Studies have shown that our living and working spaces influence our moods and personalities tremendously. That’s why hospitals are usually white on the inside. Dressing rooms in concert halls are often green. Weight rooms are usually blue. The interior of a room can have a remarkable effect on a person. And it’s not just about color either. Every aspect counts. Every detail matters.
Those with interior design careers intuitively understand the relationship between people and places. Their job is to design a living or working space that complements a person’s lifestyle. Using fabrics, colors, furniture, and lightening, an interior designer tries to create the optimal environment for his or her client.
If this is a career that interests you, you’ll need to study up on some of the basics. What colors create what moods? What lightening is most appropriate for a home office? What furniture is best suited for a family of four? Not only will your studies teach you how to answer these questions, but they will also prepare you to address many of the regulatory and legal aspects of interior design. According to a study done by the Department of Labor, 22 States and the District of Columbia require licensing in this particular career because of the many structural changes interior designers make. Altering a load bearing wall might have dire consequences if done incorrectly.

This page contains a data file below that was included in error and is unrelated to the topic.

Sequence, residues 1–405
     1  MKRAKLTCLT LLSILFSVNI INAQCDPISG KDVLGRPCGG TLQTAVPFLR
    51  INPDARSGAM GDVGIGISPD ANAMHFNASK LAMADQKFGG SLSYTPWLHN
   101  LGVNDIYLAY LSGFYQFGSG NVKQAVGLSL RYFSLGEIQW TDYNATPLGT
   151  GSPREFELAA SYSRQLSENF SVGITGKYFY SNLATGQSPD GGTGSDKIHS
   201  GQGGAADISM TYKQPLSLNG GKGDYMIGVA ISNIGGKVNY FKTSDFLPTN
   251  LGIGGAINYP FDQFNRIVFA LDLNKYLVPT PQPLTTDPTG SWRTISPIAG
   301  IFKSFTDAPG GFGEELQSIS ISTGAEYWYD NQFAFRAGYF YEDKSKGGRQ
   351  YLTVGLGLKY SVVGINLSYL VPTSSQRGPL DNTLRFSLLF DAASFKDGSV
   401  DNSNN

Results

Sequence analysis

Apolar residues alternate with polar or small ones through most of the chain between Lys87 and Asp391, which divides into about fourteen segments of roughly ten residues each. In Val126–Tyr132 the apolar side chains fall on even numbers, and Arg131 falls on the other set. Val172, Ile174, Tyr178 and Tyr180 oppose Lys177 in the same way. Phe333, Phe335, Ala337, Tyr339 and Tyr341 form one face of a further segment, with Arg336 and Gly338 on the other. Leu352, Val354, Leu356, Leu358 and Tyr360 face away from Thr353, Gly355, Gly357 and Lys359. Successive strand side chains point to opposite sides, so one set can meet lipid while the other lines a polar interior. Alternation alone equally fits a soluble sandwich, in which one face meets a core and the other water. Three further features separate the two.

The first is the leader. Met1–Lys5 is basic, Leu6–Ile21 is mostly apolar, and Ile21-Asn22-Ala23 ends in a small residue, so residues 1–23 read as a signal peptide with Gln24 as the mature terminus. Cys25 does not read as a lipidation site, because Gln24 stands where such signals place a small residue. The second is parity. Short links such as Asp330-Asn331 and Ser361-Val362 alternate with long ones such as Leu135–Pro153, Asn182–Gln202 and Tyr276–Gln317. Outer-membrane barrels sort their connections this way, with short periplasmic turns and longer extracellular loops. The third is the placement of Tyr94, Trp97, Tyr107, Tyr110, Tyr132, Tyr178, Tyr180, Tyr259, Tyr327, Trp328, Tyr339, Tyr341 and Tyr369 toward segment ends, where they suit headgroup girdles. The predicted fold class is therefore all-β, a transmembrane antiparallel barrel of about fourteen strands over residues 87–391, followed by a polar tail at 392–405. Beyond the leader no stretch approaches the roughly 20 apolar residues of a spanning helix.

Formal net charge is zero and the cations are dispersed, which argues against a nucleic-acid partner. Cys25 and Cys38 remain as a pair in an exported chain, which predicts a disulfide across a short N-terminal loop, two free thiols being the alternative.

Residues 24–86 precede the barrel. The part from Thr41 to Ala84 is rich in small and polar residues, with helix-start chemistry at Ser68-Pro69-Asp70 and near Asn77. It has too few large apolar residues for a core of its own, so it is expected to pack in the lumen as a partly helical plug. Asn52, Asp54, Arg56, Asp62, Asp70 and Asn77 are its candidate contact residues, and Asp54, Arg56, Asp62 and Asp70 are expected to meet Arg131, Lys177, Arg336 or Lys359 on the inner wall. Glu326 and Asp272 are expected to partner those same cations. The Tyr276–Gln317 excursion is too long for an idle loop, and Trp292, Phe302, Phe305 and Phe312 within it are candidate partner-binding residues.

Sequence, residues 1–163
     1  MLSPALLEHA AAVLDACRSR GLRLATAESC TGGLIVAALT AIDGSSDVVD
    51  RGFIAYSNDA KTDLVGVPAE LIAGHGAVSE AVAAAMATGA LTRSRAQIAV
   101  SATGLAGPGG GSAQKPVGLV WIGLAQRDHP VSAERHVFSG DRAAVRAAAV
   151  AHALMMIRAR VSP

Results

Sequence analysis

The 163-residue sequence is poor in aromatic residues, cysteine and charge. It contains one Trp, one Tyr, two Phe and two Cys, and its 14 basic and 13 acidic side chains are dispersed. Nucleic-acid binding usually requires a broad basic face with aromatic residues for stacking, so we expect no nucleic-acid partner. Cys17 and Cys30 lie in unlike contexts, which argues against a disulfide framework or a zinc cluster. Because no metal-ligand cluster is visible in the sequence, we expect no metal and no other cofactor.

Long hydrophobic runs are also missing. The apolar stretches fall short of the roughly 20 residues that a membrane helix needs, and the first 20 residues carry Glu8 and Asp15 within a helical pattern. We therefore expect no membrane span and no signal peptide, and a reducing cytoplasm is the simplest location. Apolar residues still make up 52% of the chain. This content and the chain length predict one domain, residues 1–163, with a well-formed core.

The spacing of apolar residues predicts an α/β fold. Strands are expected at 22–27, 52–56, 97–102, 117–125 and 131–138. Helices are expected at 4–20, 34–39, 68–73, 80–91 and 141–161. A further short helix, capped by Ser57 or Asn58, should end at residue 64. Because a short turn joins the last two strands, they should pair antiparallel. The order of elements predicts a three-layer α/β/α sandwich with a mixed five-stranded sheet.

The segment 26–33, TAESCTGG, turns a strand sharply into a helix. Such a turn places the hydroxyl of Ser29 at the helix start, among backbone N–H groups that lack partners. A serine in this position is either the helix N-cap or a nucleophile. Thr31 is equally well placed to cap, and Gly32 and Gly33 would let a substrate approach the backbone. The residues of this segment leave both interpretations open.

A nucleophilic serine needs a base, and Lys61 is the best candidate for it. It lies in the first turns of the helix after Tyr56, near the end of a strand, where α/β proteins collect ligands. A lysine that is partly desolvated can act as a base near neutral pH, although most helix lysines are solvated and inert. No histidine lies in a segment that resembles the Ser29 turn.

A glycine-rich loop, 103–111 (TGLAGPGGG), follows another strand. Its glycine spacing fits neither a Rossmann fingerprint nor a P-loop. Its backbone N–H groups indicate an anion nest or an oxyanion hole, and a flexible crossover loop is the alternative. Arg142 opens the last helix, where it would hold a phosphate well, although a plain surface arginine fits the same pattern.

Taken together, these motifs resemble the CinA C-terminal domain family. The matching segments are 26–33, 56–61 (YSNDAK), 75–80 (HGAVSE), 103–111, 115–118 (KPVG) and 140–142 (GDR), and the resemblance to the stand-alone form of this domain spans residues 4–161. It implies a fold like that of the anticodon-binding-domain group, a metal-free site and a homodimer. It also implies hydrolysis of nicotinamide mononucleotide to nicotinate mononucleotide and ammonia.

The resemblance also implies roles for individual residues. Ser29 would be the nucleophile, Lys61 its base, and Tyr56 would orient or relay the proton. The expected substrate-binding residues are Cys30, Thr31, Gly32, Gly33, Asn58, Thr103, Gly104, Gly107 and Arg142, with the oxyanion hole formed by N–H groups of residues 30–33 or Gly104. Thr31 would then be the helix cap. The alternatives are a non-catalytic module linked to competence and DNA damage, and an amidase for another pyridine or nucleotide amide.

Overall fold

The Department of Labor predicts favorable growth in this field. Increasingly, home owners and businesses are investing more money into interior design and aesthetic alterations. With a degree under your belt, you can expect to be extremely busy over the next decade. Every person is a potential client. Every room is a potential project. If you want a career that promises growth, challenge, and creative freedom, interior design is a great option.